The company's total natural gas sales in the third quarter increased to 3.22 Bcf/d, up 3% compared to the third quarter of 2004. Production in the third quarter from EnCana's onshore resource plays was up about 3% from the second quarter to 2,235 MMcfe/d, and up 13% from the same quarter last year. Third quarter cash flow per share increased 51%. Total operating earnings per share increased 33%. Other positives include the expected sale of its interests in Ecuador for $1.42 billion by the end of the year, which will put EnCana squarely onshore in North American and focused on unconventional resource plays.

"Our third quarter was marked by strong cash flow and operating earnings, plus steady growth from continuing operations in North American natural gas production -- up 4%, or 126 MMcf/d, since the third quarter of 2004," said Morgan.

However, he also said the company will miss previous production guidance for the year. "Record setting wet weather in key Western Canadian producing regions and industry activity levels in the North American oil and gas service sector have restricted access to land and equipment in an unprecedented way this year," Morgan said. "As a result, we have drilled fewer wells to date this year than planned and our gas production volumes are lagging forecast rates. EnCana also has wells capable of delivering about 225 MMcf/d of natural gas production waiting to be tied in to gathering and sales pipelines.

"With more than 120 operated rigs active in our gas fields, we are expecting to exit 2005 with gas sales of about 3.4-3.5 Bcf/d. The difference between our reduced 2005 production outlook and the midpoint of our original guidance range amounts to about a two-month delay in the ramp up of gas production," he said. "Our 2005 average gas production is now forecast to be in the range of 3.25 billion to 3.30 Bcf/d, slightly below our original guidance range, but about 9% higher than average 2004 sales."

EnCana's 2006 gas sales are forecast to rise 7-11% to 3.50-3.63 Bcf/d. Total North American sales are forecast to be between 4.43 Bcfe/d and 4.59 Bcfe/d, an increase of 5-9% from the midpoint of the updated total North American sales guidance range for 2005.

"We expect that 2006 will be characterized by continued high industry activity levels and inflationary pressures, which are the product of the strong commodity prices that are generating robust netbacks," said Randy Eresman, who will become the company's new CEO at the end of the year.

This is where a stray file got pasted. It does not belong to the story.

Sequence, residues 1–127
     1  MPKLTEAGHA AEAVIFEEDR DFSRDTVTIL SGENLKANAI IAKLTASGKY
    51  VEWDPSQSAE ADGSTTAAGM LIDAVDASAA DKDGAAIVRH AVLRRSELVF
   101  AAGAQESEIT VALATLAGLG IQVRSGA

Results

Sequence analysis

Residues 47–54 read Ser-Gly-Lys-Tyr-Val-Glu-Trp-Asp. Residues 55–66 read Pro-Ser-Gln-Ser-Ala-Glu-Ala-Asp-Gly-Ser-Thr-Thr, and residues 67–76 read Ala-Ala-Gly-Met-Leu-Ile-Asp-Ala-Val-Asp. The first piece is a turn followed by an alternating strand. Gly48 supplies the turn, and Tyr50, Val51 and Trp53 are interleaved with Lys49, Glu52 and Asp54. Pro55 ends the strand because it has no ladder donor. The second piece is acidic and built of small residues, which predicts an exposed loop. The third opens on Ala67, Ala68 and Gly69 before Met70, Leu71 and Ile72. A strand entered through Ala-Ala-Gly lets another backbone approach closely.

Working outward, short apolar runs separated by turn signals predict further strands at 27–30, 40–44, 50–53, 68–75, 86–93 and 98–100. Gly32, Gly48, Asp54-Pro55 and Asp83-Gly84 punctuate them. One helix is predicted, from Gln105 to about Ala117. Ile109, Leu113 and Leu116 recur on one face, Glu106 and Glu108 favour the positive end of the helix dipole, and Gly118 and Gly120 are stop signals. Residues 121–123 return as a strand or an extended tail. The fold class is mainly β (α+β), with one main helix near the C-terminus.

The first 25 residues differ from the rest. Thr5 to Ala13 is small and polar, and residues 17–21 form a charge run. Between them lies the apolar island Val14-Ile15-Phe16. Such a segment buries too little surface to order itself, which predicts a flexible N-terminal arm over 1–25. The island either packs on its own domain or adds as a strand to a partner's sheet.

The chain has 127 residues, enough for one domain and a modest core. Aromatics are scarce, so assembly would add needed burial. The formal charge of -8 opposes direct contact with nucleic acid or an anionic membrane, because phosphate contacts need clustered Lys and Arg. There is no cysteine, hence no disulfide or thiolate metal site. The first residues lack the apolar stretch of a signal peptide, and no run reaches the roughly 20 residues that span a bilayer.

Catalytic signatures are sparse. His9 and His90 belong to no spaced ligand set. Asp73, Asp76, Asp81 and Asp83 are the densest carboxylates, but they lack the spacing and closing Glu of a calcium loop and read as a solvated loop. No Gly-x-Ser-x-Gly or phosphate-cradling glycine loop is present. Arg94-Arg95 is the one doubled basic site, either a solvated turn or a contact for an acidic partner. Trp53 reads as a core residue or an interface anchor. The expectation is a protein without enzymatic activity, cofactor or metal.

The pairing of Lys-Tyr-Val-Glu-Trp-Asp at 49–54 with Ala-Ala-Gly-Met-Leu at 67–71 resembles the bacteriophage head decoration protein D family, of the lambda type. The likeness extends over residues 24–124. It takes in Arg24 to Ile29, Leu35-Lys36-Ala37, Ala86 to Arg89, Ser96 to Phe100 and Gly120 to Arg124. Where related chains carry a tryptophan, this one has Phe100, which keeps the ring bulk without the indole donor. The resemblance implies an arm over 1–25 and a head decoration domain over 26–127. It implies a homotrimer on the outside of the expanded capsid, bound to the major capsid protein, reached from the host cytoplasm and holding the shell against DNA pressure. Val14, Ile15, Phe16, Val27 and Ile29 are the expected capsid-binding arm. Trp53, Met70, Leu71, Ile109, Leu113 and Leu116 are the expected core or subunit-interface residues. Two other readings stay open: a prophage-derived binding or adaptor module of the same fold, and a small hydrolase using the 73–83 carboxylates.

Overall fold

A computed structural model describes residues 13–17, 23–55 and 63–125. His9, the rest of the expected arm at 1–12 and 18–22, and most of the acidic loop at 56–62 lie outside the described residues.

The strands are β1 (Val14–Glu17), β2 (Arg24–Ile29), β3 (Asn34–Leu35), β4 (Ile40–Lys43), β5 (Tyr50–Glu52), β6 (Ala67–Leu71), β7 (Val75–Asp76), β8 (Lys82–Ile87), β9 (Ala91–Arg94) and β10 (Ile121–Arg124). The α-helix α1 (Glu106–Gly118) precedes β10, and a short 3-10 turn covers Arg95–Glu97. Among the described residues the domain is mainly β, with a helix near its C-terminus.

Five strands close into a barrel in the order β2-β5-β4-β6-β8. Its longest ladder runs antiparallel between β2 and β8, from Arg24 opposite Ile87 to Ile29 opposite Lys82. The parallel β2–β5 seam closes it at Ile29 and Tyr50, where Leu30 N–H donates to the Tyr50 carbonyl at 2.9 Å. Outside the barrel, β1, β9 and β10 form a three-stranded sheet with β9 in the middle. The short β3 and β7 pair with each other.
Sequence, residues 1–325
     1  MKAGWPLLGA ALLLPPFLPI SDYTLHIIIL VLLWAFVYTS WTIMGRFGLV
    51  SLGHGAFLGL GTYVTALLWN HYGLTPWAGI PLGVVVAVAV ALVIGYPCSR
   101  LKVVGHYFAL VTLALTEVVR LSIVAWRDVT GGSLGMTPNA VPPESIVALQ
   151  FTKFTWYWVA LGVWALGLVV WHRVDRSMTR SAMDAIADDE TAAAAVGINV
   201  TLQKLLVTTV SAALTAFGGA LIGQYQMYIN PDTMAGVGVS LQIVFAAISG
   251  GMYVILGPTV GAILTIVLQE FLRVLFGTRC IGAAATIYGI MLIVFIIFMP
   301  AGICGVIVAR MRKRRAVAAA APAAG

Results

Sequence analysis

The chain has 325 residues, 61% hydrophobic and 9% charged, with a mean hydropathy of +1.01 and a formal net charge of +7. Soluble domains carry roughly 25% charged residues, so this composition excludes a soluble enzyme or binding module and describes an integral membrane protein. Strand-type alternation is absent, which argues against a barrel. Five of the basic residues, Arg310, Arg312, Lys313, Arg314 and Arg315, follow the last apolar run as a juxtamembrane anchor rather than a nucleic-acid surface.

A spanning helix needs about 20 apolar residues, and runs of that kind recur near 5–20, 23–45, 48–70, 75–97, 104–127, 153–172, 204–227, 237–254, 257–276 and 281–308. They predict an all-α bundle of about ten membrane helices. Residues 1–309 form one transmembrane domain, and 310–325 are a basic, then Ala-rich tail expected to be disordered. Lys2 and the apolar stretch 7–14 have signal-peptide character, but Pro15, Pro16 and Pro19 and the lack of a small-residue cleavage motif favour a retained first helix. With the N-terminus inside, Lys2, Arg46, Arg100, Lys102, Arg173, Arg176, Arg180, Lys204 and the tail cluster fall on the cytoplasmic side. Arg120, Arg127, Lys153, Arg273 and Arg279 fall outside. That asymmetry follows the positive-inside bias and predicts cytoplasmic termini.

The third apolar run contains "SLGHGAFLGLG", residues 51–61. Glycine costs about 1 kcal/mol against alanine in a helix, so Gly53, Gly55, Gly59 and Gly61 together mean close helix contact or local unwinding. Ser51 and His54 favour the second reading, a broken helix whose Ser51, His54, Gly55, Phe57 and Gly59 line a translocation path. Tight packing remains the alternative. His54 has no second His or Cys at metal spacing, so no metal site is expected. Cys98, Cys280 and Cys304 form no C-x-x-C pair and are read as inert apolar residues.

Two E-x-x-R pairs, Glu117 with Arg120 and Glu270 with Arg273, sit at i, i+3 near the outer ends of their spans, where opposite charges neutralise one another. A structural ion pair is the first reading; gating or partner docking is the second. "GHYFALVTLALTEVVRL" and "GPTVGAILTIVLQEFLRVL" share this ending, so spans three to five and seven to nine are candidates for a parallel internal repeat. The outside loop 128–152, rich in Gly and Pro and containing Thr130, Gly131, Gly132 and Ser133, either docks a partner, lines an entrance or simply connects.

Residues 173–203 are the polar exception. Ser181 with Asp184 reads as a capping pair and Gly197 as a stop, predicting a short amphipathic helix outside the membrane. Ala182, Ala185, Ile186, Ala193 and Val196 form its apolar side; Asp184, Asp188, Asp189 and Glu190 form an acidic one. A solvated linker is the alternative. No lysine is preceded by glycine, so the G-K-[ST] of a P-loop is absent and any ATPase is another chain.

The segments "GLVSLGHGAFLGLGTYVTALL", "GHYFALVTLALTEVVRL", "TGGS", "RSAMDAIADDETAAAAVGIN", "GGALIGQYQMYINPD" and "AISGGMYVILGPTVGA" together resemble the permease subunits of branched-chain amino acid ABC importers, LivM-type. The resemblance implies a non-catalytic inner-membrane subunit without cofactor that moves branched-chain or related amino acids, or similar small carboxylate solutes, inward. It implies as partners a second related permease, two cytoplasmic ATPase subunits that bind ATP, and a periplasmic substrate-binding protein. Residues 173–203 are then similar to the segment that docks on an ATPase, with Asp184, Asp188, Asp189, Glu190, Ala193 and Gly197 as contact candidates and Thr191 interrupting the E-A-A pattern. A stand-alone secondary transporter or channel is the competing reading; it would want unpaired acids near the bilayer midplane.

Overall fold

"Given these conditions and the learnings we've gained from this year's experience, we have moderated our North American production growth rate to between 5% and 9% -- a measured pace that's aimed at more efficiently converting our proved reserves into sales growth and our unbooked resource potential into proved reserves as we generate substantial free cash flow."

On Thursday the company announced the sale of substantially all of its natural gas liquids (NGL) business to Provident Energy Trust for C$697 million. The sale is expected to close by the end of the year. It includes four NGL units in Empress, AB, which make up 60% of the EnCana Empress Plant. EnCana plans to retain a 10% interest in Empress, but has an put option to sell the interest to Provident for $12.6 million (C$15 million). Other Empress plant stakes to be sold include a 33% stake in the BP E1 plant, a 8.333% stake in the Conoco Empress plant, and a 12.4% stake in the ATCO plant.

EnCana also is selling its 100% stake in the Debutanizer, a 50% stake in the Kerrobert Pipeline and Storage Facility, and an 18.26% interest in the Superior Storage Facility and the Depropanizer. It also will divest its interests in the Sarnia fractionation and storage facilities, sell its 49% interest in the Marysville Underground Storage Terminal and sell 100% interest in Kinetic Resources, which markets NGL.

EnCana also has agreed to provide up to $63 million (C$75 million) in support, via a gas sales contract, in the event the commodity price relationship impacting the NGL business (fractionation spread) drops below historic averages over the next two-year period. EnCana has the opportunity to recover any support drawn over that two-year period plus one additional year.

The sale is part of EnCana's previously announced divestiture program to allow it to focus on its North American natural gas and oilsands resource plays, the company said in a statement. Proceeds fare expected to be directed to debt reduction and "potentially" the continuation of EnCana's share purchase program. TD Securities Inc. served as an adviser to EnCana on this transaction.